March 18, 2023 4 min read

Cheat Sheet: The Most Bioavailable Forms Of Vitamins and Minerals To Look For in Supplements

Cheat Sheet: The Most Bioavailable Forms Of Vitamins and Minerals To Look For in Supplements


When it comes to taking vitamin and mineral supplements, there are a lot of factors to consider. From the dosage amounts to the quality of ingredients, knowing how to decipher the best daily supplements can make all the difference in how well they work. 

In our  last blog post, we did a deep dive into everything you need to know about reading supplement labels and what to look for, and look out for. Today, we’re going to focus on why the exact form of each ingredient matters for bioavailability and results.

What is Bioavailability?

Bioavailability is the extent to which nutrients can be absorbed and utilized by the body.

Bioavailability is a crucial factor to be aware of.  Focusing on bioavailable ingredients ensures that you get the best results from your supplementation. 

MTHFR Gene Mutation

For those with the MTHFR gene mutation (40% of the population!) it is even more important to select vitamins and minerals that are highly bioavailable. 

The MTHFR gene mutation is an inherited genetic disorder that affects the body’s ability to convert (or methylate) folate, or vitamin B9. 

It is caused by a defect in an enzyme known as methylenetetrahydrofolate reductase (MTHFR). This enzyme plays a key role in converting folate from food into its active form, which is used by the body for various metabolic processes. 

Those with the MTHFR gene mutation have difficulty processing folate efficiently, leading to a range of health issues such as increased risk of stroke, neurological problems, birth defects, depression, anxiety, migraines, and infertility. Not small stuff.

Because of this reduced absorption rate of vitamins and minerals from food sources, it is important for those with this condition to look for forms of vitamin and mineral supplements that are already methylated or highly bioavailable.


One form that works well for those with the MTHFR gene mutation is methylated vitamins, which have been modified in such a way as to reduce or eliminate their allergenic properties. Methylation also improves the absorption rate of these vitamins in the body, making them easier to absorb and use more efficiently than other forms of vitamins.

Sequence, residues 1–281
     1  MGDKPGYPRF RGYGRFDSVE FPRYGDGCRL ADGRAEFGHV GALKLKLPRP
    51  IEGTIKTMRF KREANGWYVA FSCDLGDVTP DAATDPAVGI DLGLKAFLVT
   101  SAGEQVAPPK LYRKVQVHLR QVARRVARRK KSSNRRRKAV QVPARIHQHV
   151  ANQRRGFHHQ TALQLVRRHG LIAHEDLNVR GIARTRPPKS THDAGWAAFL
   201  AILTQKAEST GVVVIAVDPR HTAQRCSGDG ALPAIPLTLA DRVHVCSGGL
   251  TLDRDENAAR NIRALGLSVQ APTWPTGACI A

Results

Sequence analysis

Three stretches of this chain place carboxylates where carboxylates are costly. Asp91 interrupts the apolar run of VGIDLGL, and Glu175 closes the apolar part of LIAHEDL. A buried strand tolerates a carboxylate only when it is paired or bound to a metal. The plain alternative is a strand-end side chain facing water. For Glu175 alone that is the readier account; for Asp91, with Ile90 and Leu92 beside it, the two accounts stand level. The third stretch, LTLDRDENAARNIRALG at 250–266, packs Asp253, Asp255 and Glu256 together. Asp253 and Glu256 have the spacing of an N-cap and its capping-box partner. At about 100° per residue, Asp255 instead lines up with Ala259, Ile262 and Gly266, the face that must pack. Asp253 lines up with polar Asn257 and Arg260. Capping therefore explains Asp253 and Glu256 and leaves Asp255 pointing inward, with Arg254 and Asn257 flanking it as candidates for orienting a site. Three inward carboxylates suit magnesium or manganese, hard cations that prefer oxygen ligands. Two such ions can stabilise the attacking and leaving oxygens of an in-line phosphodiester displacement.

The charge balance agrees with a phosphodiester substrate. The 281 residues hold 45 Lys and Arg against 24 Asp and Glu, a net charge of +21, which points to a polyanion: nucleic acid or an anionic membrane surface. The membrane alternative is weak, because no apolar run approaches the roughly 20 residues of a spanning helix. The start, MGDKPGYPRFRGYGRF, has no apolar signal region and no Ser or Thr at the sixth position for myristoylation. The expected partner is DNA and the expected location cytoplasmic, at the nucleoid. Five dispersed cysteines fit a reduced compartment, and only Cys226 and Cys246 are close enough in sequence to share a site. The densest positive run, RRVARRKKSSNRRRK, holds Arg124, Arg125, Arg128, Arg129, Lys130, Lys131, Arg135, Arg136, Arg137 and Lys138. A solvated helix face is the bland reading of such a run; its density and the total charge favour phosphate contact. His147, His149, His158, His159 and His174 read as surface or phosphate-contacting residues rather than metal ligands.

Two primary examples of methylated vitamins include Folate as L-Methylfolate or 5-MTHF,  and Vitamin B12  as Methylcobalamin. 


Another term that you’ll often see within the subject matter of bioavailability is “chelation” or “chelated ingredients” (pronounced “key-late-ed).  Chelation is a process where a mineral is bound to an amino acid or protein molecule, which helps the body absorb and use the mineral more efficiently. 

Examples of chelated minerals include Magnesium as Glycinate, Calcium as Citrate, and Zinc as Zinc Chelate.

You can view the above examples on the Abundant Earth Labs Whole Food Multivitamin Supplement Facts panel   here for reference.


Examples of Our Favorite, Bioavailable Vitamins and Minerals

Below is a list of ten of the most commonly used vitamins and minerals and examples of bioavailable forms that you should look for when purchasing a supplement.  

This list isn’t exhaustive, but these are some of our favorite forms.  With a plethora of cheaper, less bioavailable options available on shelves everywhere, information is power.  On to our favorites:

  • Vitamin D: Vitamin D3 as Cholecalciferol
  • Vitamin C: while we prefer to use whole food sources like Amla Fruit or Acerola Cherry instead of synthetic ascorbic acid, the studies do show identical bioavailability rates between the two, so this is up to personal preference
  • Vitamin B9: as L-Methylfolate and not synthetic Folic Acid
  • Vitamin B12: as Methylcobalamin or Adenosylcobalamin and not Cyanocobalamin 
  • Iron: as Ferrous Bisglycinate Chelate 
  • Magnesium: as Magnesium Glycinate or Bisglycinate (the same thing),  Magnesium L-threonate, Magnesium Malate, and Magnesium Citrate (this form can cause laxative effects if too much is taken so do take care)
  • Zinc: as Zinc Chelate 
  • Calcium: as Calcium citrate
  • Selenium: as L-selenomethionine 
  • Vitamin E: Natural Vitamin E as  d-alpha-tocopherol is more bioavailable than synthetic vitamin E as  dl-alpha-tocopherol.  (On a supplement label, synthetic forms of vitamin E are labeled with a dl- prefix  so you have to watch out that you choose d-alpha and not dl-alpha).


What Else Can Influence Bioavailability?

It is important to note that the bioavailability of a nutrient can also be influenced by other factors such as the presence of other nutrients in the supplement.  For example, calcium and iron shouldn’t be taken together at the same time, even if they are both in bioavailable forms, as calcium prevents full iron absorption.  

An individual's unique digestive health and diet can also influence bioavailability, so it is always recommended to consult with a healthcare professional before starting any new supplement regimen.



When selecting a vitamin or mineral supplement, it’s important to look for highly bioavailable forms which can include chelated and methylated forms, which have been shown to be better absorbed by the body than other forms. 

We hope this also helps to explain the ingredient choices that went into the excellent formulation of our  Whole Food Multivitamins and why so many Abundant Earth customers experience results they can actually feel. As always, doing research on what type of form is right for your specific health needs will ensure you get the most out of your supplementation routine!